Getting Our Work Orders

We neither make nor save ourselves.

God does both the making and saving.

God creates each of us by Christ Jesus

to join him in the work he does,

the good work he has gotten ready for us to do,

work we had better be doing.

— from Ephesians 2, The Message version of The Bible

What is that work we had better be doing?

One of the best places to find out is in the company of other Christ Followers.

Like in worship, and classes, and small groups.

You know, all that church-y stuff.

Let’s go.


Your Best Version

These nine are from a site called Becoming Minimalist. Whole lotta truth packed in here. I’d like to share one every other day or so with you, filtered through Scripture, for your consideration and application —

6. Take Care of Yourself.
There is little joy in a selfish life focused entirely on self. What matters at the end of our life is not the house we lived in, the car we drove, or the possessions we purchased. What will matter in the end is how we treated others.

Keep selfless living the goal of life. However, an empty cup cannot pour into another. If we are going to live selfless lives (the true measure of success), we must learn that caring for ourselves is the first step in caring for others.

Rest, exercise, and pursue healthy habits… we need you to be the best version of yourself.

— Christ Jesus:  “Love the Lord your God with all your heart and with all your soul and with all your mind and with all your strength.’ The second is this: ‘Love your neighbor as yourself.’ There is no commandment greater than these.” (Mark 12:30,31).

Sorta seems our Lord’s making an assumption there…might wanna think about and pray about how well we’re loving and taking care of our own selves…and make necessary changes today….

It’s a Monday. “I Distrust Those People”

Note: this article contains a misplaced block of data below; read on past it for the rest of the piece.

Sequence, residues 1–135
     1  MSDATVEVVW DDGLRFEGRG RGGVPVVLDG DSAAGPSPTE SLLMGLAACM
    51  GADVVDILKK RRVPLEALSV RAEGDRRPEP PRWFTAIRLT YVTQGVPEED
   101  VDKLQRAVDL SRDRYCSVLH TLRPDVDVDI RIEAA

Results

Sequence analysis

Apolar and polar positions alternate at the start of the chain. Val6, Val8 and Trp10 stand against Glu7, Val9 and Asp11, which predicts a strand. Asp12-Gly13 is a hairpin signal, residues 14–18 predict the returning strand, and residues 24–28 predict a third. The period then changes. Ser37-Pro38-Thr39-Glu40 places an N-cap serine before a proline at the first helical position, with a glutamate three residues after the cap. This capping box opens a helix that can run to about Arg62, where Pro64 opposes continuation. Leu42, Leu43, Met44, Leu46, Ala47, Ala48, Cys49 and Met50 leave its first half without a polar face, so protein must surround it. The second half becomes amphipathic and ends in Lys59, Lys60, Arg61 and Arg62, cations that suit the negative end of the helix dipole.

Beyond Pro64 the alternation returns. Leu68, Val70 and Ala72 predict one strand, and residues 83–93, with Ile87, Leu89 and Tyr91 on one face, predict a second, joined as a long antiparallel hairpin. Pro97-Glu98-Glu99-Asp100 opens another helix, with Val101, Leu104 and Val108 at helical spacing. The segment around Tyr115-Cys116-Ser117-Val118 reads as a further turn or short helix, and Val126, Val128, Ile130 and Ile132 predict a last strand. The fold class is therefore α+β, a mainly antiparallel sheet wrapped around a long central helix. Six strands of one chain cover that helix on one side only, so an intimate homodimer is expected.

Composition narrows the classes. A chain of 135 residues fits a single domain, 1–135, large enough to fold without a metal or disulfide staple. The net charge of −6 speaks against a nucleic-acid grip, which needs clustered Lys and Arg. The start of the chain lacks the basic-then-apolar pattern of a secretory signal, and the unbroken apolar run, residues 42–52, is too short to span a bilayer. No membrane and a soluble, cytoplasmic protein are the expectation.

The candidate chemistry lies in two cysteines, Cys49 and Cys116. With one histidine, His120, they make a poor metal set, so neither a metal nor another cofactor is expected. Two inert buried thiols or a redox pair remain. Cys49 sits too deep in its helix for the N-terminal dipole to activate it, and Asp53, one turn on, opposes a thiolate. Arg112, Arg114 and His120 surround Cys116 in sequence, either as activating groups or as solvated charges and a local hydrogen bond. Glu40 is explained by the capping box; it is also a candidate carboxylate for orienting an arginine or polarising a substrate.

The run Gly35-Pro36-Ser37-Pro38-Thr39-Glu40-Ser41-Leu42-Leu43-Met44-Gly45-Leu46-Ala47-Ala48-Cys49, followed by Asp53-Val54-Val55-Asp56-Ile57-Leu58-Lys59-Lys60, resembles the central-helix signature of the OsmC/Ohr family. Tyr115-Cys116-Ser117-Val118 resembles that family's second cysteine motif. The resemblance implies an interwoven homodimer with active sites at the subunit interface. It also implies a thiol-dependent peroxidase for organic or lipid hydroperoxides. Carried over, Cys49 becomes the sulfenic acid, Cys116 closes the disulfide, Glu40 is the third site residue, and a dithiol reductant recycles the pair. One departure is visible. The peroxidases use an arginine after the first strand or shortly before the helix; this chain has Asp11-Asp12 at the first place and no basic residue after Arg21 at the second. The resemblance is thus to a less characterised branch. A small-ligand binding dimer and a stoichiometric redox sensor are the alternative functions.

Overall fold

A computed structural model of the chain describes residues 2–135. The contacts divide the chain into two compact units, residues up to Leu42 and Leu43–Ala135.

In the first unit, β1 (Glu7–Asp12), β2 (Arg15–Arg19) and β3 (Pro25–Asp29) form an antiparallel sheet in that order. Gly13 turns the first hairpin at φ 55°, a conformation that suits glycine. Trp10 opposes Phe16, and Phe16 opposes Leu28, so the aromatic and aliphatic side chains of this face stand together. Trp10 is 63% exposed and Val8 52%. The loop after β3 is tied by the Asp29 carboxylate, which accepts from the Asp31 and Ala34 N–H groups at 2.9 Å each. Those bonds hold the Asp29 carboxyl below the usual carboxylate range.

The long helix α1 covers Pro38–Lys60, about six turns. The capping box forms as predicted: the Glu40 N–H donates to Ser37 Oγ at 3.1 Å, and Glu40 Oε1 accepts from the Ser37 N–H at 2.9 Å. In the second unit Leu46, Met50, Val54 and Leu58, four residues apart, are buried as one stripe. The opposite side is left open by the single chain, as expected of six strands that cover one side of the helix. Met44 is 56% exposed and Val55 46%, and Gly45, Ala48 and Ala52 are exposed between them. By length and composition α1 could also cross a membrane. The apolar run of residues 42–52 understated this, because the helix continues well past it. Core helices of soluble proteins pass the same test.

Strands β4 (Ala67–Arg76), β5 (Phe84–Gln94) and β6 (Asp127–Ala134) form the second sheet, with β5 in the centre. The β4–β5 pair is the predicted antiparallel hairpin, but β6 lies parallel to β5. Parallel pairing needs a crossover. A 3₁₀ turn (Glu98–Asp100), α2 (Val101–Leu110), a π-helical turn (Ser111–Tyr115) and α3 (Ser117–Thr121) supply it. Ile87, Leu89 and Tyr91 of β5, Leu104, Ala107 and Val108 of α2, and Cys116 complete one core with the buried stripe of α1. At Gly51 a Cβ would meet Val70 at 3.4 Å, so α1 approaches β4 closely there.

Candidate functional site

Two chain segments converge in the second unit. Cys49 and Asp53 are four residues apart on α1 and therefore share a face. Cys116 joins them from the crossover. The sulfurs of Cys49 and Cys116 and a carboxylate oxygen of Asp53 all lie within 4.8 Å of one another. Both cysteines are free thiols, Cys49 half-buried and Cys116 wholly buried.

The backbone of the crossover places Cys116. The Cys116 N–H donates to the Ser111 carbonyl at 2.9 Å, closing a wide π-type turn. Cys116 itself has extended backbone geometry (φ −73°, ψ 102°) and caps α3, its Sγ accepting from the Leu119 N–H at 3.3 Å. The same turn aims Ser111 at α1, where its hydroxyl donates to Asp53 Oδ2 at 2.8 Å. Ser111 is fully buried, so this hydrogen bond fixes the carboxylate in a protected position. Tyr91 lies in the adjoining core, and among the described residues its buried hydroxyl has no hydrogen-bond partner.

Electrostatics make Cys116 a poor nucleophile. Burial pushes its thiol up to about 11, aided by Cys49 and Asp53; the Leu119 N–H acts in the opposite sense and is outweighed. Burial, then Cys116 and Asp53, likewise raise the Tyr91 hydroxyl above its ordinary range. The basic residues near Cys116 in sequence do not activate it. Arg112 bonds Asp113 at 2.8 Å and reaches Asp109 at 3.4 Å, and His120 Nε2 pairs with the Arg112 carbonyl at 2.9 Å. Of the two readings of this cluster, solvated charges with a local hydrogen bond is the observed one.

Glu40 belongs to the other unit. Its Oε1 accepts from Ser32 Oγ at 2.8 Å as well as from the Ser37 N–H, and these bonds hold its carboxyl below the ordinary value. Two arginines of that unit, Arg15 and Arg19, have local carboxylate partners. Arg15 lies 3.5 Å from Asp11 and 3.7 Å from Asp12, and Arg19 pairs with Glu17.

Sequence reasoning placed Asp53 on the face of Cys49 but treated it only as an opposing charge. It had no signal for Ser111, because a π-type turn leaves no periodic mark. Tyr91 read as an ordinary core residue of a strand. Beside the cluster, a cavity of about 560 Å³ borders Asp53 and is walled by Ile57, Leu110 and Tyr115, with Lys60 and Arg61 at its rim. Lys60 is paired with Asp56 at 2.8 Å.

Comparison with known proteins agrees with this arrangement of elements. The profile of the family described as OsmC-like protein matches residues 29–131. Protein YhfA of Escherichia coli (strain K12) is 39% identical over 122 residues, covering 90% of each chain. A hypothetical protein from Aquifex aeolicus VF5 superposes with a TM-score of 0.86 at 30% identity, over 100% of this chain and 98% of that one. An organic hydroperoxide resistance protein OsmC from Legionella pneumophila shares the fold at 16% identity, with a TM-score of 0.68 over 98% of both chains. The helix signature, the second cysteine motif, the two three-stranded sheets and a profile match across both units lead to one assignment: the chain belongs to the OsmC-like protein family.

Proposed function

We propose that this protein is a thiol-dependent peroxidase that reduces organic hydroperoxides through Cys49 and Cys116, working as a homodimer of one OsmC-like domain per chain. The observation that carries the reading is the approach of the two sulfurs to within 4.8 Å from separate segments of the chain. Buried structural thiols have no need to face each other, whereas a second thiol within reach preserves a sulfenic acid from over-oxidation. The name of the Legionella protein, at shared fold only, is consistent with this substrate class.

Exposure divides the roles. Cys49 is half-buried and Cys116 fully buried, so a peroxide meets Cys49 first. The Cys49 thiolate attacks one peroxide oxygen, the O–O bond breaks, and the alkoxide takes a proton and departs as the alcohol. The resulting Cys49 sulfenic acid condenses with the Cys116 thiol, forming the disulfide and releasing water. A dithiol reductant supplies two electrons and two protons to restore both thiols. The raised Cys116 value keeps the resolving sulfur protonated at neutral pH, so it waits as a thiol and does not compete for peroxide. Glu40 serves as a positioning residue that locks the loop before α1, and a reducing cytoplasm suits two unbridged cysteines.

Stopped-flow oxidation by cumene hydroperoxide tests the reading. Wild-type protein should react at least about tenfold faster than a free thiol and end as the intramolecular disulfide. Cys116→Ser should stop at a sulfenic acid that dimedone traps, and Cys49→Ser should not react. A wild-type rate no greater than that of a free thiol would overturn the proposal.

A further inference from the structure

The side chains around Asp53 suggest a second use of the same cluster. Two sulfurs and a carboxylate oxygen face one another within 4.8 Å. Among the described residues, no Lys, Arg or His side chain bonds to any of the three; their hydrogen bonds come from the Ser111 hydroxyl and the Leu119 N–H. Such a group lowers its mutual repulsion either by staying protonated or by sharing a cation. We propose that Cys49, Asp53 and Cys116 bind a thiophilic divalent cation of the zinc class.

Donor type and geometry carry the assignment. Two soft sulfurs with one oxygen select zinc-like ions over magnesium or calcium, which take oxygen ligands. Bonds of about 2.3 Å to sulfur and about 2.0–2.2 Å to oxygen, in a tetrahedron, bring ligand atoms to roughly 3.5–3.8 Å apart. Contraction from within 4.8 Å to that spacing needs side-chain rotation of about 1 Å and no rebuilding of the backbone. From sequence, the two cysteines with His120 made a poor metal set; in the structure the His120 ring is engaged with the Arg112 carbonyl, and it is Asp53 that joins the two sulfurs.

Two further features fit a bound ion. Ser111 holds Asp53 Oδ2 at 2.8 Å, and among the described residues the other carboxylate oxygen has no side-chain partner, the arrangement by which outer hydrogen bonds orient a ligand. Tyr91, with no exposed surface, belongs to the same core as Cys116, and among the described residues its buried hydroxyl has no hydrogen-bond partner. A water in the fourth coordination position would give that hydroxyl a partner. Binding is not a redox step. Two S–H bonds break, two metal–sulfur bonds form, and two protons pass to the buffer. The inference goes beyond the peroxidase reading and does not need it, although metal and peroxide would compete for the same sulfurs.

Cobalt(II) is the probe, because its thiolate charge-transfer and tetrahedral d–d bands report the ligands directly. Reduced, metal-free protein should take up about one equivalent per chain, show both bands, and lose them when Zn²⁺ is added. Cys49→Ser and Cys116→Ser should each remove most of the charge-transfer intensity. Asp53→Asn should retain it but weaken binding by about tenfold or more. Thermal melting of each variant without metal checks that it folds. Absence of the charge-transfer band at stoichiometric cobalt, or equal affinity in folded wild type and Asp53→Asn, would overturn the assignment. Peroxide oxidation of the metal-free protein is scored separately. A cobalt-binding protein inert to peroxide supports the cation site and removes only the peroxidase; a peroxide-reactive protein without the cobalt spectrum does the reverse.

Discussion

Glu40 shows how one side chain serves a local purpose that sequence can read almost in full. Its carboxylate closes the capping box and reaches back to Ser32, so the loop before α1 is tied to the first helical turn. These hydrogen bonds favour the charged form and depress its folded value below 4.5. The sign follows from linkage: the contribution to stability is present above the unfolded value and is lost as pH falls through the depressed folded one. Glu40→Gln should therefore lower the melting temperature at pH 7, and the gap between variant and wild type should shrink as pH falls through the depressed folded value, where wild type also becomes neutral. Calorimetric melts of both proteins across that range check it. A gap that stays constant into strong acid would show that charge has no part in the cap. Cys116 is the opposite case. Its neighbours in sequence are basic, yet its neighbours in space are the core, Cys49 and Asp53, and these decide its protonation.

Thank You! Many offered commentary and encouragement during previous weeks of experimental Mondays here.

In response, I’m happy to announce “It’s a Monday” as the title of a once-a-week series of significant quotes or observations.

Offered without any commentary from me, here is today’s —-

“I distrust those people

who know so well

what God wants them to do,

because I notice

it always coincides

with their own desires.”

— Susan B. Anthony

Do This or Die, Church — part 2

Around 200 churches will close this week, maybe more. The pace will accelerate unless our congregations make some dramatic changes.

2. We must cease seeing the church as a place of comfort and stability in the midst of rapid change. Certainly, God’s truth is unchanging. So we do find comfort and stability in that reality.

But don’t look to your church not to change methods, approaches and human-made traditions.

Indeed, we must learn to be uncomfortable in the world if we are to make a difference. “We’ve never done it that way before,” is a death declaration.


Your Time

These nine are from a site called Becoming Minimalist. Whole lotta truth packed in here. I’d like to share one every other day or so with you, filtered through Scripture, for your consideration and application —

5. Guard Your Time.
Not every pursuit in life deserves your energy. It is important for each of us to become more aware of what is truly worth the hours of our one, short, important life.

Those who have crafted a life they love have not done so by saying “yes” to every opportunity or invitation in their inbox. They have done so by guarding their time ruthlessly for the things that matter most and by learning to say “no” graciously to the others.

Teach us to number our days, that we may present to You a heart of wisdom. (Psalm 90:12)

Don’t waste your time on useless work, mere busywork. It’s a scandal when people waste their lives. (Ephesians 5:15,16)